The European Community and the World Economy

Article excerpt

The European Community and the World Economy

FROM TIME TO TIME events occur that fundamentally alter the balance of the economic, political and military power of the world and impart a new direction and different momentum to the process of development and growth (or decline) of the world economy. Such events may occur suddenly or appear almost imperceptibly, only gradually to gain strength and exert their full influence. For example, the discovery of the new trading route from Europe to the East in the fifteenth century, together with political developments in the rich, proud and intensely independent Italian city states, moved the center of gravity from Italy and the Mediterranean to the West and North West Europe. The Declaration of Independence of the U.S. created a new political and social order based on Jeffersonian philosophy, which was the center of a new political entity whose appearance altered the course of world events. Finally, the French and Russian Revolutions are in the same group, their consequences have extended far and wide in every respect and are with us today.

Such events are a result of a complex interaction of a large number of factors, including technological change, social and legal arrangements as well as political climate and the general institutional framework that results. In the ultimate analysis, their effects can be seen in proper perspective only after a number of years. They are reflected in the emergence of powerful or influential states or groupings and a decline of others -- events that exert a decisive impact on the course of world history.

Undoubtedly the creation and growth of the European Community (which originally was termed European Economic Community, changing its official title in 1978) is in the same group of events. It falls into this category because, as is now clear, the European Community is emerging as one of the three main economic and military groupings in the world. The other two groupings are North America (comprising the United States and Canada) and the Pacific Rim grouping based on Japan. These three groups manage the world economy, are responsible for the balance of military and political power, and in effect are the basic propelling force behind the process of world growth and development. The transformation of the European Community in the past thirty years provides illuminating insight into the interaction between economic and political factions and is an outstanding example of political economy at work in its widest sense.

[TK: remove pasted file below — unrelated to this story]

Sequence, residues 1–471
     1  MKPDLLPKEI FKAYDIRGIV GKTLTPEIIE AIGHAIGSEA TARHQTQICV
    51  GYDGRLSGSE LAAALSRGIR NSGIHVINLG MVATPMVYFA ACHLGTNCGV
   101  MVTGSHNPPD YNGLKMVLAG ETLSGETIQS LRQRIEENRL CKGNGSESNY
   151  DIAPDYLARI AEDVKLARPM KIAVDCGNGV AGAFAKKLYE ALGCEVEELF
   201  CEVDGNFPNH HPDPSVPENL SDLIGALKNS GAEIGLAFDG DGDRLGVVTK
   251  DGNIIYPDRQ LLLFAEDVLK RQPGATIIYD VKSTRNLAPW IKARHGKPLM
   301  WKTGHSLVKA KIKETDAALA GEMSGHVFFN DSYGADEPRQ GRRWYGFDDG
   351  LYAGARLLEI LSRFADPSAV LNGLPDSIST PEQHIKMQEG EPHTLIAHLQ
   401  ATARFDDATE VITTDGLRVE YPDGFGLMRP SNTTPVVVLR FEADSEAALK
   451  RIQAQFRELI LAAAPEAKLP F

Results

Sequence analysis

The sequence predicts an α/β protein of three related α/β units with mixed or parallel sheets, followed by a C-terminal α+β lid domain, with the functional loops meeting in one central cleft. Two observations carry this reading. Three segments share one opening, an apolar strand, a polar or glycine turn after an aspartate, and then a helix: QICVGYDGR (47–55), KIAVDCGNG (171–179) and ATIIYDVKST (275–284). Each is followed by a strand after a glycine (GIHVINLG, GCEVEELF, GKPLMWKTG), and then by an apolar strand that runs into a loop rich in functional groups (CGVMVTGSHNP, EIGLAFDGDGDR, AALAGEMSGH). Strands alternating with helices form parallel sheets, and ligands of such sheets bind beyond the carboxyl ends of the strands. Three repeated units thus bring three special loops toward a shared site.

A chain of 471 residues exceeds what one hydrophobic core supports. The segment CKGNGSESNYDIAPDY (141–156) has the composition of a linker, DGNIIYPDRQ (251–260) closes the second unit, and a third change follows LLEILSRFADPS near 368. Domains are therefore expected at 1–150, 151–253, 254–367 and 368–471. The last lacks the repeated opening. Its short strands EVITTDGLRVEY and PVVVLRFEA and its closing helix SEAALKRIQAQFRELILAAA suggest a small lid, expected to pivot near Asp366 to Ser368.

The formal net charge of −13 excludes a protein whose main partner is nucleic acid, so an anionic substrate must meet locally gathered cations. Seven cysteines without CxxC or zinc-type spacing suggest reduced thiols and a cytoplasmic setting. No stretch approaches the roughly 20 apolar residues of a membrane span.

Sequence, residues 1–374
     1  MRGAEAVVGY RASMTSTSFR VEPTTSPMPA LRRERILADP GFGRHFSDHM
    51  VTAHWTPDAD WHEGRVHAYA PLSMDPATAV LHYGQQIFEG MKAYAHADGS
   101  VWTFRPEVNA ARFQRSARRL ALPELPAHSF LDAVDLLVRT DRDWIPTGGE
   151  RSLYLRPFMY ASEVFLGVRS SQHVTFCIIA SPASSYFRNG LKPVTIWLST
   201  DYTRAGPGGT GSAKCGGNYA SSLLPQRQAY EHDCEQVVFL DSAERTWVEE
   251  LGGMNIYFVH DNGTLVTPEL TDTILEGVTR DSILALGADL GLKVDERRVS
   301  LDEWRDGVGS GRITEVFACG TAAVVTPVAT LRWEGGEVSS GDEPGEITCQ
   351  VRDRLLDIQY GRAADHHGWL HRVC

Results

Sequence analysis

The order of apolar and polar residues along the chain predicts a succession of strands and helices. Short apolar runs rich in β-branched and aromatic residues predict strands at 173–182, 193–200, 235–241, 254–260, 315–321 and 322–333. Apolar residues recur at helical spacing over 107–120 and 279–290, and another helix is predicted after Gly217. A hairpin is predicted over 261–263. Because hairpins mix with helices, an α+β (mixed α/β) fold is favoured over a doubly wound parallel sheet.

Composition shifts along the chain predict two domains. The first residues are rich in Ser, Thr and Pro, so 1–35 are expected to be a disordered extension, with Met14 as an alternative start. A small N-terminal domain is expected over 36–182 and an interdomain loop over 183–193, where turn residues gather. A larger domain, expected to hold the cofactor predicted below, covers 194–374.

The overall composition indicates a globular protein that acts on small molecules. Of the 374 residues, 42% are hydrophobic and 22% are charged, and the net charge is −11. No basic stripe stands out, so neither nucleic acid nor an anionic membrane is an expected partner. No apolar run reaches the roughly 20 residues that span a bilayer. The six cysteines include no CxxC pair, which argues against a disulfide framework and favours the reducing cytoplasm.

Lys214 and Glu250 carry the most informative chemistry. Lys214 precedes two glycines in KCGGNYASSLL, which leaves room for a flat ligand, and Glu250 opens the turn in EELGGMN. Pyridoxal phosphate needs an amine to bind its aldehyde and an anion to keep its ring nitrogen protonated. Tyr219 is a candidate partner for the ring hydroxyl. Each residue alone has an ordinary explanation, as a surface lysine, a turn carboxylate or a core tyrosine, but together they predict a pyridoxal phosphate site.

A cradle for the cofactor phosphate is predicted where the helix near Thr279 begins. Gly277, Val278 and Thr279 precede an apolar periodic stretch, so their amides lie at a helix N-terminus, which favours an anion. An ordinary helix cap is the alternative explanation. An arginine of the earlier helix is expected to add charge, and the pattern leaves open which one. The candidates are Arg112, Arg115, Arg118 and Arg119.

The European Community was conceived originally by its founding fathers as a political entity designed above all to prevent the occurrence of wars among the European nations with its bloodshed, loss of life and physical destruction. The remarkable growth of the Community and its emergence as an increasingly cohesive and economically and politically important grouping benefited from the Cold War and the existence of the Iron Curtain after World War II, the military umbrella extended by the U.S. involving the presence of U.S. forces in Western Europe, and a propitious world economic climate until the early 1970s. This climate reflected: (1) favorable terms of trade linked to a fall in the prices of primary products and oil; (2) a very rapid improvement in productivity because of an educated and skilled labor force using technological advances developed in the preceding fifteen years or so in the U.S.; and (3) a favorable social climate as well as the gains from the liberalization of trade both worldwide and even more so in the Community.

These advantages were neither expected nor foreseen by the original founding fathers. After the failure to create a European Defense Community in 1951, they wished to use an economic path to increase interdependence among the Western European countries to the point where it became irreversible and will require the consummation arrangements were created in the 1950s. …